• Example  import static java.awt.BorderLayout.*;  import static java.lang.System.*; getContentPane().add(new JPanel(), CENTER); Out.println(“hello world”);
  • Static Import import static java.lang.Math.*; … int themax = max( 123123, 23475 );  Reduces typing  Alleviates need for implementing a Constant Interface  Compiler error if names clash
  • Static Import Static imports let you avoid qualifying static members with class names. Once the static member is imported then you can use it in your code without the class name prefix. //static import import static sample.SampleStaticValues.NUM_ZERO; … //need not do SampleConstants.NUM_ZERO due to static import feature if(num % 2 == NUM_ZERO){ System.out.println("The num " + num + " is: " + OddEven.even); } package sample; public class SampleStaticValues { public static int NUM_ZERO = 0; public static int NUM_ONE = 0; }
  • Static Import  In order to access static members, it is necessary to qualify references with the class they came from. double r = Math.cos(Math.PI * theta);  As a workaround people often put static members as part of an interface and inherit from that interface.  This is known as the “Constant Interface Antipattern”
  • Static Import  Using constants of another class is merely an implementation detail. Declaring that a class implements an interface is an API issue. Implementation details should not leak into APIs.  The static import construct allows you to access static members of another class without inheriting from the type containing them.
  • Static Import  members of another class are imported import static java.lang.Math.PI;  Once imported they can be used without qualification double r = cos(PI * theta);
  • Example  Before System.out.println(“Hello”); System.out.println(“World”); System.err.println(“From”); System.err.println(“Me”);  After import static java.lang.System.*; out.println(“Hello”); out.println(“World”); err.println(“From”); err.println(“Me”);
  • Static Vs. Normal import  Static imports are analogous to regular imports. In normal imports you import classes from packages, and in static imports you import static class members out of classes.  Use with care: only when frequent access is required. It is suppose to improve readability, and overuse may have an opposite effect.
  • Static import  Ability to access static members from a class without need to qualify them with a class name.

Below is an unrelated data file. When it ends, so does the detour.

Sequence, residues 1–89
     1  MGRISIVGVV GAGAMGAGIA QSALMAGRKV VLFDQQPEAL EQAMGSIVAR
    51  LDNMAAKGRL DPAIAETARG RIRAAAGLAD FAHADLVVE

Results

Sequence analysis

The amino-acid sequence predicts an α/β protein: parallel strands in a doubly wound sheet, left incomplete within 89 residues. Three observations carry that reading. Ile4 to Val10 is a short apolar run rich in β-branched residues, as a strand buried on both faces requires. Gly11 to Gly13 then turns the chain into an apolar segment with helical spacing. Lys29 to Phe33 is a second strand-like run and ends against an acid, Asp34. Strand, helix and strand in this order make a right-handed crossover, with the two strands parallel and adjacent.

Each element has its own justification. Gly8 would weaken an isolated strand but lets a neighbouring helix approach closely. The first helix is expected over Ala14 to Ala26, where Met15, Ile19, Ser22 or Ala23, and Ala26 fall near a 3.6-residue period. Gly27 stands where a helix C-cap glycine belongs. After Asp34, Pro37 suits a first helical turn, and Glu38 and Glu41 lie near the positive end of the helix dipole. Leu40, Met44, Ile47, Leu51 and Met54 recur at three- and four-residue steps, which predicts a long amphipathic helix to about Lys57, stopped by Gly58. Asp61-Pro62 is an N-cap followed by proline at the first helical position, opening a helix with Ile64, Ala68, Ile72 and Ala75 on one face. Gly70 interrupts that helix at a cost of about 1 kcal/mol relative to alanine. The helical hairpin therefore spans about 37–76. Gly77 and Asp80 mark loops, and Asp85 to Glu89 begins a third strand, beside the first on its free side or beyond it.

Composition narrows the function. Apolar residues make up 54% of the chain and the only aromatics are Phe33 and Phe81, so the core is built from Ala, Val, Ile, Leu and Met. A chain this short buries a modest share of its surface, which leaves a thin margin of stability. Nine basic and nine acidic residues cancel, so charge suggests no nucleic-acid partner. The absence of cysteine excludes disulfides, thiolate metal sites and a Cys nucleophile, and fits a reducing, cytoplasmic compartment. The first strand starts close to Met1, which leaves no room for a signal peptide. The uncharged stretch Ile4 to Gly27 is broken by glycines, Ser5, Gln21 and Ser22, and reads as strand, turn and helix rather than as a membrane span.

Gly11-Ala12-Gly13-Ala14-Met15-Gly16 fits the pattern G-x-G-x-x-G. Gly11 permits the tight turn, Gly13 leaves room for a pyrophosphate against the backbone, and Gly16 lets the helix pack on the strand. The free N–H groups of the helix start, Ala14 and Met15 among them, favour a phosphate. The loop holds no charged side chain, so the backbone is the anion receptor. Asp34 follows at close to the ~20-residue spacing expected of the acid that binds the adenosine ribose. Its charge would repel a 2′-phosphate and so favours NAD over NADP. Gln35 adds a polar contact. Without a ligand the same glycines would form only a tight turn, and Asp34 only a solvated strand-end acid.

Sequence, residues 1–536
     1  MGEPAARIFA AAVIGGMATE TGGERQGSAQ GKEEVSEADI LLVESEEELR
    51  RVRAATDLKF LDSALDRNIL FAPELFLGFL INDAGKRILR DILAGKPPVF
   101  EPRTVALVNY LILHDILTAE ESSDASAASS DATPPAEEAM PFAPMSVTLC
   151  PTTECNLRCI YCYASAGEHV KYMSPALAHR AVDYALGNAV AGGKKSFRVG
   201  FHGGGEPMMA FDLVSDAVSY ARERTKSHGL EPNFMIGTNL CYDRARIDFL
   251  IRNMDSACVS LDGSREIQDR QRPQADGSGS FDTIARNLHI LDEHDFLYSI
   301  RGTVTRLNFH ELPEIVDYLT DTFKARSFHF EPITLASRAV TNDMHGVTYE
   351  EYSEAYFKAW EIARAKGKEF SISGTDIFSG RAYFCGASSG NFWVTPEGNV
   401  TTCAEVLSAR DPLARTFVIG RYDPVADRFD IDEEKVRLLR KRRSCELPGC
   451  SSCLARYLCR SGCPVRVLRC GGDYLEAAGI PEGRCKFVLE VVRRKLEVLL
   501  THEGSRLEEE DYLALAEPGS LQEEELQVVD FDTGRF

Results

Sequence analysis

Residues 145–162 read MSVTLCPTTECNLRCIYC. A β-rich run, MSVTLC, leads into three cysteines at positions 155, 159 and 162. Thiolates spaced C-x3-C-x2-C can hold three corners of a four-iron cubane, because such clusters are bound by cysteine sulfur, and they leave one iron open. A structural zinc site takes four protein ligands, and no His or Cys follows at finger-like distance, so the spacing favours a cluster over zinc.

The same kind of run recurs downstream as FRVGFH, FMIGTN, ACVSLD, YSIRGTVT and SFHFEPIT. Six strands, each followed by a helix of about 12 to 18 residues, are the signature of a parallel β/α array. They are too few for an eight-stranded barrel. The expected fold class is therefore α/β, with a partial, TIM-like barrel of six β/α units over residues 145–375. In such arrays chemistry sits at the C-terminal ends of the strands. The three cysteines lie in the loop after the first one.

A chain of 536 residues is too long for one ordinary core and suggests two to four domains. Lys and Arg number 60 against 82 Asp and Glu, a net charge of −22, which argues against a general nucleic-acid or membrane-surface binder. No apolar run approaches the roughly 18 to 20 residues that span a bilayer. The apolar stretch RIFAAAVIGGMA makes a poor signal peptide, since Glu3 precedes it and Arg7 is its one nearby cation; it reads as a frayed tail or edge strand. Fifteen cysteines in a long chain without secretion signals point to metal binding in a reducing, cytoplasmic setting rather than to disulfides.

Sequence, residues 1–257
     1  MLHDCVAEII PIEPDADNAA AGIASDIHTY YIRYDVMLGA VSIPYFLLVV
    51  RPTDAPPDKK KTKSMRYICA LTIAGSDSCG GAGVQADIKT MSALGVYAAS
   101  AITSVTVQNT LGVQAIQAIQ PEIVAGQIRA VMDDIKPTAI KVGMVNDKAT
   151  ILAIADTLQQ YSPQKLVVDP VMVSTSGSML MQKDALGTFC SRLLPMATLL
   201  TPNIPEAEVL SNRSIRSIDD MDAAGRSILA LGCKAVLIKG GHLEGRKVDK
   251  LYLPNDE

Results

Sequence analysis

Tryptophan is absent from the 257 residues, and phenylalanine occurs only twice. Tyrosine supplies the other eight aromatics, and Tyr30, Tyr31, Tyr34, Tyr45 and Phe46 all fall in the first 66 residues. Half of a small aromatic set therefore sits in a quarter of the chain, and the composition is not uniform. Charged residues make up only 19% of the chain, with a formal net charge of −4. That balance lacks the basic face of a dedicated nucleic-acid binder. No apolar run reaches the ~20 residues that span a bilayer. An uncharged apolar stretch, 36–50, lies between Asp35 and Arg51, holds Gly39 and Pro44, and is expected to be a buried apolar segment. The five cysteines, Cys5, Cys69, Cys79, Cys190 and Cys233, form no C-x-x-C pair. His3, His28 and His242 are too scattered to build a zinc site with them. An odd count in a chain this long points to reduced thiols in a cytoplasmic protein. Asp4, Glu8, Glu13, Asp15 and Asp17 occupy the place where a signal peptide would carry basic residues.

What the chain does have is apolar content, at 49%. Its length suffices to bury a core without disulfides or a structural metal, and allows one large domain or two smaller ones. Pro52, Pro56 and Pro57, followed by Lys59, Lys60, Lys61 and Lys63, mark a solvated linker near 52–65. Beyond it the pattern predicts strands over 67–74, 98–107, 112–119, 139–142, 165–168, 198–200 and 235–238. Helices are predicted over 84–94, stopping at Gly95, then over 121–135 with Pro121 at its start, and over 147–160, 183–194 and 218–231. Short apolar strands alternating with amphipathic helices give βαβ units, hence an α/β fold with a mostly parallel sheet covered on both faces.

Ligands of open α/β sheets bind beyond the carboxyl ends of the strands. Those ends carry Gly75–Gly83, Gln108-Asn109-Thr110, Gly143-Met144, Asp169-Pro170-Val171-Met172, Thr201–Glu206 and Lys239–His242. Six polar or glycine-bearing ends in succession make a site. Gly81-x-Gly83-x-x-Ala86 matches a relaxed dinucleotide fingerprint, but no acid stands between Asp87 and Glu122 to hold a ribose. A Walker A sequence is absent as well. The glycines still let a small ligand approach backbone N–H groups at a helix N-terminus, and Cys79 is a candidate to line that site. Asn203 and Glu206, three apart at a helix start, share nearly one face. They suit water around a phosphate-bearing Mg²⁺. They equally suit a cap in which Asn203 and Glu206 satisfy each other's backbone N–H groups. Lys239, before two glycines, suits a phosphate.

• interface ShapeNumbers {     public static int CIRCLE = 0;     public static int SQUARE = 1;     public static int TRIANGLE = 2; } Implementing this interface creates an unnecessary dependence on the ShapeNumbers interface. It becomes awkward to maintain as the class evolves, especially if other classes need access to these constants also and implement this interface
  • To make this cleaner, the static members are placed into a class and then imported via a modified syntax of the import directive. package MyConstants;     class ShapeNumbers {     public static int CIRCLE = 0;     public static int SQUARE = 1;     public static int TRIANGLE = 2; } To import the static members in your class, specify the following in the import section of your Java source file. import static MyConstants.ShapeNumbers.*; // imports all static data You can also import constants individually by using the following syntax: import static MyConstants.ShapeNumbers.CIRCLE; import static MyConstants.ShapeNumbers.SQUARE;
  • An example of importing a Java class  For example, to use java.lang.Math. double radians = Math.toRadians(30.0); double unity = Math.pow(Math.sin(radians),2.0) + Math.pow(Math.cos(radians),2.0); double areaCircle = Math.PI * Math.pow(10.0,2.0);
  • Importing Static Members  Currently  Importing a class or interface  Why require a class name prefix?  Static Import  A variant of the import statement.  Import static methods and fields.  Similar to the import of classes and interfaces from a package.  Import individual members, or collectively.
  • With Static Import  No need to reference Math, except in import. import static java.lang.Math.*; double radians = toRadians(30.0); double unity = pow(sin(radians),2.0) + pow(cos(radians),2.0); double areaCircle = PI * pow(10.0,2.0);
  • Importing Static Members  Code is more readable.  No need to reference the class or interface names.  Code can be less understandable.  No reference to class or interfaces names.  Implementation detail added.  Commitment to the implementation.